Devils on the Doorstep

Drama · 

Release Date: May 12, 2000

Original name: 鬼子来了

Status: Released

Running time: 2h 19m

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During the Japanese occupation of China, two prisoners are dumped in a peasant's home in a small town. The owner is bullied into keeping the prisoners until the next New Year, at which time they will be collected. The village leaders convene to interrogate the prisoners. The townspeople then struggle to accommodate the prisoners. One is a bellicose Japanese nationalist, the other a nervous translator. Will the townspeople manage to keep the prisoners until the New Year?

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Devils on the Doorstep (simplified Chinese: 鬼子来了; traditional Chinese: 鬼子來了; Japanese: 鬼が来た!; literally "the devils are here"; the devil is a term of abuse for foreign invaders, here referring to brutal and violent Japanese invaders in China during World War II) is a 2000 Chinese black comedy war film directed, co-written and produced by Jiang Wen, starring Jiang himself, Kagawa Teruyuki, Yuan Ding and Jiang Hongbo. Shot in black and white to mimic old-time war movies, the film premiered at the 2000 Cannes Film Festival on 12 May where it won the Grand Prix. The film was initially not allowed to be shown in theaters in its native China for a certain period but has eventually been made commercially available there since.

The story takes place in a small remote village named Gujiatai (or Rack Armor Terrace) near Shanhaiguan, Hebei at the end of the War of Resistance Against Japan. One night, a mysterious man brings two captives in sacks (Japanese soldier Teruyuki and translator Dong Hanchen) to the doorstep of a peasant's (Ma Dasan) home and threatens Ma to keep them until he returns to pick them up on New Year's Eve. Fearing both the mystery man and the Japanese, the whole village falls into a dilemma over what to do with the two prisoners.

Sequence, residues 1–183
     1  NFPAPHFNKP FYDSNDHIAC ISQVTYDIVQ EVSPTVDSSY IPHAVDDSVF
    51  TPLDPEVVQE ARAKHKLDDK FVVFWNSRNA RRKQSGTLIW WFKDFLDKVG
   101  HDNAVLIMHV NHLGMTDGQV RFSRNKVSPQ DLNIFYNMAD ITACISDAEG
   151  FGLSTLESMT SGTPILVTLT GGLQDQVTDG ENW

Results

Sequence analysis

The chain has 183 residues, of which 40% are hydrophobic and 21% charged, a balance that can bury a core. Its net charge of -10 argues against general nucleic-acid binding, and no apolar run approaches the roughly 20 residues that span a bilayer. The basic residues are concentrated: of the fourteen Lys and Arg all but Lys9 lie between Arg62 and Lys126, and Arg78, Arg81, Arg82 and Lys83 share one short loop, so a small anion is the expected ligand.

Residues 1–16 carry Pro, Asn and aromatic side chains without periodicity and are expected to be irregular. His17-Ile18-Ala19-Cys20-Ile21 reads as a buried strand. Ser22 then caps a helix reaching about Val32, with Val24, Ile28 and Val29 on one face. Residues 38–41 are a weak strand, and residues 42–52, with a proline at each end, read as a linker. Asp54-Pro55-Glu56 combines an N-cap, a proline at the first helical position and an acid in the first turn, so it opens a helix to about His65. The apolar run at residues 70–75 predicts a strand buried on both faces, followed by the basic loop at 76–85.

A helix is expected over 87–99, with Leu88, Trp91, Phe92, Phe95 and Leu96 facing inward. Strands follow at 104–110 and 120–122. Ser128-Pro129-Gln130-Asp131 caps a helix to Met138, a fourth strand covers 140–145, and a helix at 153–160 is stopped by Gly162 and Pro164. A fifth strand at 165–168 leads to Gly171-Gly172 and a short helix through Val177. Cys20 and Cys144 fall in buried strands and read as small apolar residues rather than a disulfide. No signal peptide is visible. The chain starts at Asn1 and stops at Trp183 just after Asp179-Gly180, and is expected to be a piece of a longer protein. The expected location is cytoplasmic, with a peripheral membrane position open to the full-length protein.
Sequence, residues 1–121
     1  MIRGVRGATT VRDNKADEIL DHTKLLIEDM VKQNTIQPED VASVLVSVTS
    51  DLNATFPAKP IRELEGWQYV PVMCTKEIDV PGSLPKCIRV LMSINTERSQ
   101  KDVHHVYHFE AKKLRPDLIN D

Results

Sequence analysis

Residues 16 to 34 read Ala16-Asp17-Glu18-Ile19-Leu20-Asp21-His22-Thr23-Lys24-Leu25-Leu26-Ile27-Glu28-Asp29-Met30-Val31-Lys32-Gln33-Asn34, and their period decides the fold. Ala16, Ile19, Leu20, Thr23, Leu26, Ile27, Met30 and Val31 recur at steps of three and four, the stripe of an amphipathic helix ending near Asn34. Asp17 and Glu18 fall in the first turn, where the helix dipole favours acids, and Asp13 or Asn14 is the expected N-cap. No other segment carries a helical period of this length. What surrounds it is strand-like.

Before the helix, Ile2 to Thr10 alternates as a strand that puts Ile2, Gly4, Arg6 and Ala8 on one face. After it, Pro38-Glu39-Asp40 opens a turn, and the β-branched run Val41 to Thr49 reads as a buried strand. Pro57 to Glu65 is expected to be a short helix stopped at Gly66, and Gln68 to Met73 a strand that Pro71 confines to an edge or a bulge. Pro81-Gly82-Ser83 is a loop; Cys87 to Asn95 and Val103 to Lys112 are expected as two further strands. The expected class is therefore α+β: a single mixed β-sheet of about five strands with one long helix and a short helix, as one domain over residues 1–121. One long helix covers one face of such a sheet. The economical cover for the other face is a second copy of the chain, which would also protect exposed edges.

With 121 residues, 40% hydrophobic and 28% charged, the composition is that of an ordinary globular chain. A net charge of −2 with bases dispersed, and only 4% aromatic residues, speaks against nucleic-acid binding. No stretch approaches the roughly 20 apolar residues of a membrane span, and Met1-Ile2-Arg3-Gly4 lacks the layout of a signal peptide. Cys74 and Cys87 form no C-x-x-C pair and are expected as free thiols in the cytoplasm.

The film is inspired by the novel Survival by You Fengwei, and was greatly modified during the process of adaptation. This film shelved the theme of "the brave resistance against Japanese aggression" in the original literature, and focused on the themes of "the ignorance of the peasants" and "the absurdity of the war." Contrary to its title, Devils on the Doorstep is not at its core an anti-Japanese war film. In Jiang's own words, the film shows how Chinese literature and film has perpetuated an attitude of blaming the aggressor and casting the Chinese population as passive victims of aggression. Jiang hoped that the film illuminates this common human psychological trait of blaming others for disaster that goes beyond Chineseness.

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